To other chess players, Christopher Shen is a nearly unstoppable opponent.
Christopher is the top-rated player in his age bracket in the United States, and he already has a second-grade national championship title under his belt, as well as a third-place showing at the World Youth Chess Championships in 2012.
But to his friends in Powell, Christopher is just another 8-year-old who likes to play soccer and read the Diary of a Wimpy Kid book series.
"All the people at my school don't know how to play chess. They think it's boring," Christopher said. "They think all you do is move the pieces around the board. They don't understand that you have to have strategy."
For now, Christopher is working through third grade at Tyler Run Elementary School.
But he has big plans for the future. The young chess master has his sights set on the highest tiers of his game.
Alan Casden, his chess coach, thinks he has what it takes.
"When you put together all his accomplishments, it spells a lot of potential," Casden said. "Chess is a supremely hard game and to master it takes a lifetime of dedication -- but if you're talking about raw talent, Christopher has it."
Christopher's father, Jeff Shen, introduced his son to the game when he was 6 years old. He studied chess books with his dad and practiced online with a virtual chess game.
Less than three years later, Christopher said he doesn't remember the time before he played chess.
"It was probably boring," he said.
Casden, a local chess coach who teaches advanced students, noticed Christopher at his first local tournament in spring 2010. After he started private lessons, his chess skills skyrocketed.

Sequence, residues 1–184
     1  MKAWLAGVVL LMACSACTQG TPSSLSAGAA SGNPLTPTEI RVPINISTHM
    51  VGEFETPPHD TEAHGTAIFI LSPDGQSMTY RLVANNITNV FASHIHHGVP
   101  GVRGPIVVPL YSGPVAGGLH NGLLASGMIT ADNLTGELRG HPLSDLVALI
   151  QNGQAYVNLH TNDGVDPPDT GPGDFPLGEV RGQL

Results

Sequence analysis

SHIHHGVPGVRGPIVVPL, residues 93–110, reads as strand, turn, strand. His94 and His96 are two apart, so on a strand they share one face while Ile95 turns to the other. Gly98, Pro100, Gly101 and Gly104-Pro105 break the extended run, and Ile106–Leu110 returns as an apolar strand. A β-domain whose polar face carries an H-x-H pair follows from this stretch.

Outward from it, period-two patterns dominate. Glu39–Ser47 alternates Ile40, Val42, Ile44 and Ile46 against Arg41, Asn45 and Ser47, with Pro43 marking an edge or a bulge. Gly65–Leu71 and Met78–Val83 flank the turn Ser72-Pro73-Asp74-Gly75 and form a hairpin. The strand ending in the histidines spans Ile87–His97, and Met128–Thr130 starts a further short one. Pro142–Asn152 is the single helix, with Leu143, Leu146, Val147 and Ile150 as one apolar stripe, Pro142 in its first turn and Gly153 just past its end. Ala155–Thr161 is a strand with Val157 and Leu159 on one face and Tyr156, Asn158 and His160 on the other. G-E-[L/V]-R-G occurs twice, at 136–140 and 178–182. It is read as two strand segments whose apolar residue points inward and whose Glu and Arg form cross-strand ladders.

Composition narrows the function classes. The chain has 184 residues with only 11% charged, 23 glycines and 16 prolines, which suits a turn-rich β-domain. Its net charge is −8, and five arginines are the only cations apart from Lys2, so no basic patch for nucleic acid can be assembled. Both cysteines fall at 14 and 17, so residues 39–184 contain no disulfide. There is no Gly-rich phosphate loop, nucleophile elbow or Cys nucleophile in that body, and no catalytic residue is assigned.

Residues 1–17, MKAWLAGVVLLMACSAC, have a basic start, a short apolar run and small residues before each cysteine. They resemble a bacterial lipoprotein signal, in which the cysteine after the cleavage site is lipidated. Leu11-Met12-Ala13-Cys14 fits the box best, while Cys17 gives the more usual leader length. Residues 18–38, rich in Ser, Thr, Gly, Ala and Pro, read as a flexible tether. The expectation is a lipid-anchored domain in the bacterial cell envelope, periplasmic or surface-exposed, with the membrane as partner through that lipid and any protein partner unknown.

He started traveling around Ohio with his father, playing in tournaments -- and winning. His national rating soared.
By the end of 2011, Christopher took first place in his age group in the United States Chess Federation K-12 National Championship.
That set him up for his biggest challenge yet when he was selected from among 1,600 players to represent the United States in the 2012 World Youth Championships, held in November in Maribor, Slovenia.
He hit the accelerator, traveling around the country with his dad to play in a chess tournament nearly every week in 2012 to boost his rating.
At the world championship tournament, he came away with seven wins, three draws and one loss, netting him third place overall in his age bracket against 140 of the best players from around the world.
He beat the best youth players from Kazakhstan, Romania, Iran, Turkey, England, Hungary, Germany and India.
The effort made him the first Ohioan to medal at the event.
Christopher now stands among the top 2 percent of chess players under 16 in the U.S., and the top 7 percent among all ages.
Jeff Shen said the bronze medal may have been just what his son needed heading into this year's international championship in Dubai, United Arab Emirates.
"The bronze medal gives him the motivation he needs to work harder this year and keep getting better," he said.
Christopher said he is working hard and hopes to take first place this year. At practice, he's working on a new set of advanced opening moves that could help get him there.